Thursday, March 26, 2009

What's "up" with oil?

As the world's economy fell apart over the past half year, the price of oil fell apart with it—at least if "falling apart" means toppling from last year's lofty level of $140 per barrel. But it has been fascinating to watch how oil has performed in a profoundly weak economy, following big reductions in world-wide demand.

Over the past few months oil has essentially been in a trading range between approximately $35 to $45. That alone is telling: It was almost the consensus opinion of energy economists not so many years ago that oil would never sustain prices in excess of $30 per barrel. Many were predicting that long term prices between $10 and $20 were more realistic. I agree that this was all very silly—even without the benefit of hindsight—but it was nevertheless the prevailing opinion.

So $35 to $45 at the depths of an extremely deep and wide recession says something very important about the price floor for oil, and once again underscores the reality of ever diminishing supply. The disciples of cheap oil—if any remain—have some explaining to do.

As if that weren't enough, oil is now breaking out on the high side, trading at around $54. The significance of that is anybody's guess. Maybe the oil markets are anticipating an economic rebound over the next year or so. Could happen. But even with optimistic expectations, $54 is an awfully high price in such a weak economy, which once again suggests that supply is suspect. God help us when demand returns.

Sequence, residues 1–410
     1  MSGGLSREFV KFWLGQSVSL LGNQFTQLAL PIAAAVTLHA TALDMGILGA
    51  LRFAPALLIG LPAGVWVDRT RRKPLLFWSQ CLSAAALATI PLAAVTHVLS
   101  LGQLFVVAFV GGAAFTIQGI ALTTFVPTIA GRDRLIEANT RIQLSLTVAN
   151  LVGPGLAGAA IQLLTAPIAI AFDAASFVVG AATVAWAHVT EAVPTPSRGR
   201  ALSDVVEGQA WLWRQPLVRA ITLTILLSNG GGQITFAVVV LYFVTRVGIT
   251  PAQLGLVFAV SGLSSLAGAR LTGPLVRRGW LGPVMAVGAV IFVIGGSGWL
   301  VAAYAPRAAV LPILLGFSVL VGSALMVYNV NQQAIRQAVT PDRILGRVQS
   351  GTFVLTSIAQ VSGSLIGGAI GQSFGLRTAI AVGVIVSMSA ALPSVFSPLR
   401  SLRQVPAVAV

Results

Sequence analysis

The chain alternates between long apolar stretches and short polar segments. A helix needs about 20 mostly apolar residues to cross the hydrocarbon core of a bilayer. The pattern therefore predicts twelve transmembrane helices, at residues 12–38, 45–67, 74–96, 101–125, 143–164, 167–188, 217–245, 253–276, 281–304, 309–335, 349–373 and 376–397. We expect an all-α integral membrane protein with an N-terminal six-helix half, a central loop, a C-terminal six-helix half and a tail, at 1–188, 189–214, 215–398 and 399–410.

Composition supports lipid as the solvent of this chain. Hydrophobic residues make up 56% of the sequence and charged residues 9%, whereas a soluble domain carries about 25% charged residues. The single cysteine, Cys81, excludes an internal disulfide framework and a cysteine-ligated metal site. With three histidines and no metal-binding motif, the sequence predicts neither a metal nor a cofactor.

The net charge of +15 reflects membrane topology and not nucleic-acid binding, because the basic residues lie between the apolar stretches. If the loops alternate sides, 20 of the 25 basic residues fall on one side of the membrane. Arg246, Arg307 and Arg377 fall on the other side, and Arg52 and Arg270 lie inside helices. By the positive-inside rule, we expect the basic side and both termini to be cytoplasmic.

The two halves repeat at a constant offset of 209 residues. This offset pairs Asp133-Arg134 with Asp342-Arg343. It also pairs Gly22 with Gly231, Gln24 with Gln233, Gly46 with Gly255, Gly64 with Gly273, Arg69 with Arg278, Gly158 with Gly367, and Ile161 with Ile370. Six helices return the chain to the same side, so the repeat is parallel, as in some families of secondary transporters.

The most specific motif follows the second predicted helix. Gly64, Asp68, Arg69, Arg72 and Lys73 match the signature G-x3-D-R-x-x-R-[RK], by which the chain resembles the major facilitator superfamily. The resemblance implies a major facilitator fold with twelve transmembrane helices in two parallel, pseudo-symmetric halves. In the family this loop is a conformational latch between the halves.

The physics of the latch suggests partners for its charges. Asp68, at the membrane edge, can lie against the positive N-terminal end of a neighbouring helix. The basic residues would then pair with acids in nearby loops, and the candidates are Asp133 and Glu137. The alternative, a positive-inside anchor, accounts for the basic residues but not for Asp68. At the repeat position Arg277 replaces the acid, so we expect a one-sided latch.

Consumers have no doubt noticed that gasoline is tracking higher as well, although prices at the pump are still half what they were at their peak. Remember how it was with $4 gas, with big pickups and SUVs parked on every corner sporting "for sale" signs? No doubt the panic has passed, and complacency has returned. That's a very big mistake.

Copyright (C) 2009 James Michael "still glad to have my Prius" Brennan, All Rights Reserved


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